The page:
Author Topic: What's the secure way to tie off a trucker's hitch  (Read 12704 times)

Dan_Lehman

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Re: What's the secure way to tie off a trucker's hitch
« Reply #15 on: January 22, 2011, 05:58:37 AM »
In the video, it's not a Twistedore.
Before this continues and gets out of hand; where are you getting your definition of what a "Twistedore" is?

I defined "Twistedore" above in reference to posted videos.  It's basically Stevedore slip loop, but tied haphazardly and possibly with more wraps.


But you just posted, ...

He DID?  Whoooops, ... ghost post !!

Awww, dang : "I'm disappointed that many threads I liked are too hard to follow due to deletions".
If only "the moderators fix some problems with the forum"!!
Stop him from breaking his wishes again!!  --it's self-flagellation!

 :D

Dan_Lehman

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Re: What's the secure way to tie off a trucker's hitch
« Reply #16 on: January 27, 2011, 06:53:34 AM »
Regarding the rope I'm using at the moment, it is a fairly well worn rope having come out of my jon boat. That's probably a big issue, what type of rope is best for outdoor use such as fishing and tying off ladders? There's lots of different roping on the market and some of it is garbage IMO, very tough to tie good knots with.

I've watched that video at least a dozen times, it looks like he's tying a twistadore, then a half hitch, then comes through and ties a couple of half hitches on the bottom??? He sure as hell gets a tight tie and pull.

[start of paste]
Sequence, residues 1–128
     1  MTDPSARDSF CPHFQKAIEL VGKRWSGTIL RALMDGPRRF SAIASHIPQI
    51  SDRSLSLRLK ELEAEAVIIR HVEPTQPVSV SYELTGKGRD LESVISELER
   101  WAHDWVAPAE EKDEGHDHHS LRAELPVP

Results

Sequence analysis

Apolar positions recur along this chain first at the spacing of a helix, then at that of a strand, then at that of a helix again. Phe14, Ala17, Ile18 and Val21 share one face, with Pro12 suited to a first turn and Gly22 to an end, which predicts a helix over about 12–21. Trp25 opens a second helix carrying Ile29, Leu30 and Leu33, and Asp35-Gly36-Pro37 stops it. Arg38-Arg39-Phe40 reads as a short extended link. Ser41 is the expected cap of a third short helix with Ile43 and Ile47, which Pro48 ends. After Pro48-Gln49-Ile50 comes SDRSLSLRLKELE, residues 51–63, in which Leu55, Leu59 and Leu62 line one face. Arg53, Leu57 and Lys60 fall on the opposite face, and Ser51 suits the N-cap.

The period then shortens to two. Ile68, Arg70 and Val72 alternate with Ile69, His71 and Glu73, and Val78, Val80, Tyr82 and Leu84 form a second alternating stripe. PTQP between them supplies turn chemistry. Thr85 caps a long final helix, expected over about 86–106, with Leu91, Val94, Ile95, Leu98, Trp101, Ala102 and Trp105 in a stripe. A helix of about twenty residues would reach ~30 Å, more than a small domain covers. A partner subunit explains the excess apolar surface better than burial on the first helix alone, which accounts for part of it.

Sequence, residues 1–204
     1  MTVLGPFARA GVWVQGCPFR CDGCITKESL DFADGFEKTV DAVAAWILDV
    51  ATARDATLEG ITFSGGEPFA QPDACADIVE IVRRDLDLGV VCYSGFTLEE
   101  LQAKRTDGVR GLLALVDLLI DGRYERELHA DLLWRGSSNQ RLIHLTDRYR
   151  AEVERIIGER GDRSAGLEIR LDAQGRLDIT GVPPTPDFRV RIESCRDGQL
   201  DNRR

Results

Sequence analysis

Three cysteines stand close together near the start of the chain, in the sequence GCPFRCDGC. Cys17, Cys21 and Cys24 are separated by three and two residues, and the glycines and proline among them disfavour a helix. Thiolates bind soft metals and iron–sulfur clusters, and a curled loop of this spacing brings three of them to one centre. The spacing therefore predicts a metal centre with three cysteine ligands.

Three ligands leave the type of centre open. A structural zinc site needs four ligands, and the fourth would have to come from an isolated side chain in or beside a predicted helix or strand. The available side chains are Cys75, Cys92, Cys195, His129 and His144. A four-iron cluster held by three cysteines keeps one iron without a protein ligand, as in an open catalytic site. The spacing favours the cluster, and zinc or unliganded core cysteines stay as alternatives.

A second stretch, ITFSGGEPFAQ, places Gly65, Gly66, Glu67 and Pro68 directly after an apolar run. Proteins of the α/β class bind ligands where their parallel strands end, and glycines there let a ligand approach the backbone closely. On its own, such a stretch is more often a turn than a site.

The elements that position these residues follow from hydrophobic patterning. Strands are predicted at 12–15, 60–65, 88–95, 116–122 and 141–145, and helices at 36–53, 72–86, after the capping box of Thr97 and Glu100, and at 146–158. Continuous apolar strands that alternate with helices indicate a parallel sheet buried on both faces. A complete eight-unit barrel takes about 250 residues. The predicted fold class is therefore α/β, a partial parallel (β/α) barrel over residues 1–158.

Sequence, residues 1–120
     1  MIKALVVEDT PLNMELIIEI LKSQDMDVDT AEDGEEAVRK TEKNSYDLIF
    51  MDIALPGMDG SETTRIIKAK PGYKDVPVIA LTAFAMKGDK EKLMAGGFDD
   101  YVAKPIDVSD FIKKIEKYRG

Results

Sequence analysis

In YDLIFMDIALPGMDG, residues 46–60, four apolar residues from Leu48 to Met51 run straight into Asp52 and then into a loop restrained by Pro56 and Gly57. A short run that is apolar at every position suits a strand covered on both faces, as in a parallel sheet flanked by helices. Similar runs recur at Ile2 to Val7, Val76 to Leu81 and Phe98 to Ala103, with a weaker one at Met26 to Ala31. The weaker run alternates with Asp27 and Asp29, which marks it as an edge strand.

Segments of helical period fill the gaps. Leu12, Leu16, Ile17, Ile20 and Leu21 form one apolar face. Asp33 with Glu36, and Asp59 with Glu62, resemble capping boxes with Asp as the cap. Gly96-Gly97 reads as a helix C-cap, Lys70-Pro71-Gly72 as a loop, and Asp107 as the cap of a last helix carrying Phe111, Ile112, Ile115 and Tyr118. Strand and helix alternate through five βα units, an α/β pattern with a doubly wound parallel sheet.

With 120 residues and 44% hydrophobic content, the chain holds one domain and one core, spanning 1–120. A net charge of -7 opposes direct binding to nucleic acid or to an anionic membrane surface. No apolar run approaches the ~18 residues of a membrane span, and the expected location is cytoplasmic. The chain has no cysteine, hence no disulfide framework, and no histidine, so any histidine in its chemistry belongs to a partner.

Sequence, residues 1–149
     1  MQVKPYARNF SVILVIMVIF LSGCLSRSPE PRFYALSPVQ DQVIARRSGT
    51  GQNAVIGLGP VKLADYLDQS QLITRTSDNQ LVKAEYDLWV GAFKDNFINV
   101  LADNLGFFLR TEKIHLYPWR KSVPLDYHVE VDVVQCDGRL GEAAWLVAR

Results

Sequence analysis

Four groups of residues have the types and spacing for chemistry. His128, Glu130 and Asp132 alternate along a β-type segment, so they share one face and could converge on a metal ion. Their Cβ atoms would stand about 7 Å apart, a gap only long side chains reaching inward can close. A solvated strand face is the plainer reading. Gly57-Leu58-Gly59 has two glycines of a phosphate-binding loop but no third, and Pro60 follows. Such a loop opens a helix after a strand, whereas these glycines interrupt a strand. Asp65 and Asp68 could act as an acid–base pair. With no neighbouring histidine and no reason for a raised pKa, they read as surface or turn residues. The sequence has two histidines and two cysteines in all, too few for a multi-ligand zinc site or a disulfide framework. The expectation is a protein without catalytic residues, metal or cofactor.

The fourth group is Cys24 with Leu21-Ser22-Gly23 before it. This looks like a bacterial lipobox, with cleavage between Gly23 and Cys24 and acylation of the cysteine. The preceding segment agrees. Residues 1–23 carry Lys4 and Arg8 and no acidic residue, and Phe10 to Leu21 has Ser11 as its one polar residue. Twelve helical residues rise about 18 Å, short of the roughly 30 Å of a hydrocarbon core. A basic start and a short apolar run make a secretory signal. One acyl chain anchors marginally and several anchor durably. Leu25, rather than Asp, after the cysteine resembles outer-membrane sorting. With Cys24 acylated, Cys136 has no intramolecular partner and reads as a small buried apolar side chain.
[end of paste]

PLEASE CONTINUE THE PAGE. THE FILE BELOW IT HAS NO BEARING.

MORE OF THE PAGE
As for ropes, well, there are --as you note-- all kinds.  In your case,
an elastic one might help give some pressure on the ladder?  So,
nylon, which has decent UV resistance (usually).  But you ought
to be able to work with a variety of cordage, for that matter, and
polypropylene is pretty common and cheap.  (It might not be all
so commonly given good UV inhibitors/stabilizers; ropes used by
marine industry / commercial fishers seems to endure more than
stuff seen commonly around away from the shore, IMO. !?)
Now that there is much cable-laying work going on, I see much
cable-pulling lubricated thin polyester webbing being used for
tie-downs.  Whatever's handy ... .


As for tying off the trucker's hitch, you can try putting in a
turn (aka "round turn" sometimes) around the parallel lines
(going to & back from the anchorage to the sheave), and
then simply jamming the tail between them close to this
turn which seized them together; and then finish off
with two half-hitches if not happy with the jam (which
I might not be!).

--dl*
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